The classification models indicated above are arbitrary but indeed useful to predict the pattern of injury. Most temporal bone fractures are completely irregular and not uniform in their pathway, following an oblique or mixed pattern as indicated above. Therefore, rather than the type of fracture, the evaluation of function is the critical issue and is mandatory. The presence or lack of a particular function indicates whether or not the cochlea, middle ear, vestibule, facial nerve, dura, or CNS is damaged, in spite of a demonstrated fracture or the lack thereof.

Longitudinal fractures

Longitudinal fractures comprise 80% of all temporal bone fractures. They are frequently caused by a lateral force over the mastoid or temporal squama, usually produced by temporal or parietal blows. The fracture line parallels the long axis of the petrous pyramid. It starts in the pars squamosa (mastoid or external auditory canal), as seen in the images below, and extends through the posterosuperior bony external canal, continues across the roof of the middle ear space anterior to the labyrinth, and ends anteromedially in the middle cranial fossa in close proximity to the foramen lacerum and ovale.

Internal aspect of the skull base that represents, Internal aspect of the skull base that represents, in black and blue colors, the pathway of the longitudinal temporal bone fracture lines.
Left temporal bone fracture line crossing the mast Left temporal bone fracture line crossing the mastoid process and into Henle's spine and the external auditory canal (surgeon's view).

The most common course of the fracture is anterior and extralabyrinthine; however, although rare, intralabyrinthine extension is possible. [15] Again, bilateral temporal bone fractures are present in 8-29% of all fractures, according to the medical literature. [16]

Signs and symptoms include bleeding into the ear canal from skin and tympanic membrane laceration, hemotympanum, external auditory canal fractures, ossicular chain disruption that produces conductive hearing loss, and facial nerve paralysis. Twenty percent of longitudinal fractures injure the facial nerve and cause paralysis. The injury site is usually the horizontal segment of the nerve distal to the geniculate ganglion. CSF otorhinorrhea is common but usually temporary. Sensorineural hearing loss may occur as a result of concussive damage. Vertigo occurs but is not related to the severity of the fracture.

Transverse fractures

Transverse fractures comprise 20% of all temporal bone fractures. They are usually caused by a frontal or parietal blow but may result from an occipital blow. The fracture line runs at a right angle to the long axis of the petrous pyramid and starts in the middle cranial fossa (close to the foramen lacerum and spinosum). It then crosses the petrous pyramid transversely and ends at the foramen magnum. It may also extend through the internal auditory canal and injure the nerves directly. The pathways of the transverse temporal bone fracture lines are depicted in the image below.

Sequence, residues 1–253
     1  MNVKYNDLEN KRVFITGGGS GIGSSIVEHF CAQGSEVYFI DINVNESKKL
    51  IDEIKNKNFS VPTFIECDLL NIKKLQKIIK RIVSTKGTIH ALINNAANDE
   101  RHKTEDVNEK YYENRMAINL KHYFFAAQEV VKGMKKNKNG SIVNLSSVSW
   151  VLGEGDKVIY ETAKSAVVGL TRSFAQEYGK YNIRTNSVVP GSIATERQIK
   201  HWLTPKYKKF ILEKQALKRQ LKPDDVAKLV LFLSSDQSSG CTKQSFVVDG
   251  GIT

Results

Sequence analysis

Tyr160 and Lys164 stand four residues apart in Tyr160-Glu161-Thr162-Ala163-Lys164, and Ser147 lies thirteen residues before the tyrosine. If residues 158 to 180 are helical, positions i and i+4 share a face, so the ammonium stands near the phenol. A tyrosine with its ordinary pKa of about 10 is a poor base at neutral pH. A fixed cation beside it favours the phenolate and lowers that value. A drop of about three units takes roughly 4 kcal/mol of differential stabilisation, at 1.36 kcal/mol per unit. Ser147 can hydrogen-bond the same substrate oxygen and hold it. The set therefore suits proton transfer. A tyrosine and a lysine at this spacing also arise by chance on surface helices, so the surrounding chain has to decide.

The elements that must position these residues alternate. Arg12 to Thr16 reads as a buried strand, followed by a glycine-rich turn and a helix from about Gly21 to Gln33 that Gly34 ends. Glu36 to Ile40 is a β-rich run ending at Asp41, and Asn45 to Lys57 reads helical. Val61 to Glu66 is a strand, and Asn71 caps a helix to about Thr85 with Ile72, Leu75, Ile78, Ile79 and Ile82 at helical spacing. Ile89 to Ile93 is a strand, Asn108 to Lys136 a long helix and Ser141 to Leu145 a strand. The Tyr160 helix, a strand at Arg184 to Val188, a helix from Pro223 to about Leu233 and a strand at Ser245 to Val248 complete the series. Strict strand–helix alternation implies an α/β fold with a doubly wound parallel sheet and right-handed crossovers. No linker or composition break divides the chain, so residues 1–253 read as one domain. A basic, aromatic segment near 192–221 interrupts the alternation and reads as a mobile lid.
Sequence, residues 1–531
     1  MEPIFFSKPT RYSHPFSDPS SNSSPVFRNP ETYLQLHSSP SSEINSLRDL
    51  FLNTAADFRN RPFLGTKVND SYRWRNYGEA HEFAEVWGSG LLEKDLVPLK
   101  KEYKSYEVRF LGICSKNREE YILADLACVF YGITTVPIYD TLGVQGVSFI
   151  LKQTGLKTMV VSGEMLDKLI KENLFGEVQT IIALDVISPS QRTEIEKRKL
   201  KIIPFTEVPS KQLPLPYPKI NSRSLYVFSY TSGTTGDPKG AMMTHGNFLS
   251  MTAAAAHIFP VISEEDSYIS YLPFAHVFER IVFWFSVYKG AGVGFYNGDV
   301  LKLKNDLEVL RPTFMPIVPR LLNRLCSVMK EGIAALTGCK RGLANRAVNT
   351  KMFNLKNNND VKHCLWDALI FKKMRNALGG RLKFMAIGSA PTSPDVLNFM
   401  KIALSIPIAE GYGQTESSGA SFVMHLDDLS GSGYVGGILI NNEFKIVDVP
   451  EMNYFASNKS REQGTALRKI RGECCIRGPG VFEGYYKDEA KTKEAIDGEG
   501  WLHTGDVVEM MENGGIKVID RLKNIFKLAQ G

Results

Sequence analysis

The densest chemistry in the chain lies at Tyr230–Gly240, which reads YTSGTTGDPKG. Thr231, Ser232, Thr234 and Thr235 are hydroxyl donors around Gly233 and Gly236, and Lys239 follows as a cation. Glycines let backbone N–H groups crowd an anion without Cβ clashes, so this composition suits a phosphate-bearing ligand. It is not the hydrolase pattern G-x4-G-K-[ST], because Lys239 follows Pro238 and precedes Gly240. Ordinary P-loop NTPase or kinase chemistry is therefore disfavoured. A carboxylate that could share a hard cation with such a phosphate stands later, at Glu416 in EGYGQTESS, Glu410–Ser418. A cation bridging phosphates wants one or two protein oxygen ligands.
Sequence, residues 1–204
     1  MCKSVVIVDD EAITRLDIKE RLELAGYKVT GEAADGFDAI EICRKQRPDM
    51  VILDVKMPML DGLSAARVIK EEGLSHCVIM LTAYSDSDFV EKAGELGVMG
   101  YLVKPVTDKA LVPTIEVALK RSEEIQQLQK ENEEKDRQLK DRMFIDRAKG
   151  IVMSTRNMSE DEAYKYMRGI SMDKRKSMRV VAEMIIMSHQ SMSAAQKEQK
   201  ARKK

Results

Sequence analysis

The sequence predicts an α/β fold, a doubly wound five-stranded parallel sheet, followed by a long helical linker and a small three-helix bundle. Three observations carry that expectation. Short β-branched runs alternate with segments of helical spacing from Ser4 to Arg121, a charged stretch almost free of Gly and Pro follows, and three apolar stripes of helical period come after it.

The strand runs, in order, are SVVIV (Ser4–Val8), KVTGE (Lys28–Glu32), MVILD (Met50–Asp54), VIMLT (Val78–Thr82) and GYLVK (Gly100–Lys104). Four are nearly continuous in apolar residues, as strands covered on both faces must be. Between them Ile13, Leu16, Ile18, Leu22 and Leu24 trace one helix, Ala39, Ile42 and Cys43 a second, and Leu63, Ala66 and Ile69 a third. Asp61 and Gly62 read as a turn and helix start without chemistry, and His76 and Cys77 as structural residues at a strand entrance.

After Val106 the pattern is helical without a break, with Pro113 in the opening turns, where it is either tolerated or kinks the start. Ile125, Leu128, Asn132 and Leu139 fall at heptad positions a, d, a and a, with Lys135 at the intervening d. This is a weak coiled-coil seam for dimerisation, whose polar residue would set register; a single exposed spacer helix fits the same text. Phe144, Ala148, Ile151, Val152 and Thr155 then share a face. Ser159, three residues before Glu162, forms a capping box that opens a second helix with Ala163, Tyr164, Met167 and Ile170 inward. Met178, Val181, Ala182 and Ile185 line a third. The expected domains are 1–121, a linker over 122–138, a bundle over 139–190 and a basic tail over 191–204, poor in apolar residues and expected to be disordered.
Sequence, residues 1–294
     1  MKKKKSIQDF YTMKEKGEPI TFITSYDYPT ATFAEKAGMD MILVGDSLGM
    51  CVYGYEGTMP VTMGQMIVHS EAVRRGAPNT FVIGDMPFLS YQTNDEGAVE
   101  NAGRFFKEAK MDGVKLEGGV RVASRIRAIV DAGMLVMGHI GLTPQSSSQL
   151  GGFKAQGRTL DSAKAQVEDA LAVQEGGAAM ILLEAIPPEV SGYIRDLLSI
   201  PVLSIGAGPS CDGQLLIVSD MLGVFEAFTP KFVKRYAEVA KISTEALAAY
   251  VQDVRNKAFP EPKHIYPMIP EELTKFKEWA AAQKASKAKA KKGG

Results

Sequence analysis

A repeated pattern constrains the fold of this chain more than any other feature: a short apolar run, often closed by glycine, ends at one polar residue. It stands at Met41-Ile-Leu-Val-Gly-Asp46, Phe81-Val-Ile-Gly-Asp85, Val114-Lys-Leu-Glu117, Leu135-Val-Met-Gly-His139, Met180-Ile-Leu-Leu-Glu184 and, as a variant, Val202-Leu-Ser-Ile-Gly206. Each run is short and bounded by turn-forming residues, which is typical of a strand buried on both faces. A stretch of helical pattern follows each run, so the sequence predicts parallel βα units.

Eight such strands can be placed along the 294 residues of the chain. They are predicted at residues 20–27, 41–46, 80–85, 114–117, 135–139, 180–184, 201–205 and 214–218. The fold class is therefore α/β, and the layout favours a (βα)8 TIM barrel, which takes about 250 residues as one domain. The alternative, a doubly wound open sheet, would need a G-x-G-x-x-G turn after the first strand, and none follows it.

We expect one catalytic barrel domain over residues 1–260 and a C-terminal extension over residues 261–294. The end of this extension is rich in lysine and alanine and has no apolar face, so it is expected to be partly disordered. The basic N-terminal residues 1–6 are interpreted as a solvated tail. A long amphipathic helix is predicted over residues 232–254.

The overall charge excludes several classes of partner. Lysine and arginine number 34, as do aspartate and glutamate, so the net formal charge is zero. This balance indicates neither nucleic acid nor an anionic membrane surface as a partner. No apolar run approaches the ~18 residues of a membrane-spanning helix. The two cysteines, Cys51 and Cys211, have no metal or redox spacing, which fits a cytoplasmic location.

Internal aspect of the skull base that represents, Internal aspect of the skull base that represents, in black and red colors, the pathways of the transverse temporal bone fracture lines.

Cochlear and vestibular structures are usually destroyed, producing a profound sensorineural hearing loss and severe ablative vertigo. The intensity of the vertigo will decrease after 7-10 days and then continues to decrease steadily over the following 1-2 months, leaving only an unsteady feeling that lasts approximately 3-6 months, until compensation finally occurs. Intense nystagmus (third degree) is present since the initial fracture, with the fast component beating away from the fracture site. The nystagmus is easily seen by the naked eye. Nystagmus also decreases progressively in intensity (third degree, second degree, first degree) and then finally disappears. The image below depicts right temporal bone transverse fracture with severe spontaneous nystagmus.

Right temporal bone transverse fracture with sever Right temporal bone transverse fracture with severe spontaneous nystagmus (third degree) manifesting immediately after trauma. The fast component beats away from the fracture site in all directions of the gaze; the intensity of the spontaneous nystagmus is represented by the different lengths of black arrows. This type of nystagmus is usually seen by the naked eye. According to Alexander's law, the nystagmus increases when the eyes are turned in the direction of the quick component and decreases when the eyes are turned in the direction of the slow component.

Rarely, a mixed hearing loss may occur. Facial nerve injury occurs in 50% of transverse fractures. The injury site is anywhere from the internal auditory canal to the horizontal segment distal to the geniculate ganglion. Pneumolabyrinth may be noted. [17]

Histopathology reveals hair cell loss, ganglion cell loss, and supporting cell loss. In rare cases, labyrinthitis ossificans occurs secondary to the trauma or subsequent infection. This must be kept in mind when one considers the placement of cochlear implants after a temporal bone fracture.

Oblique or mixed fractures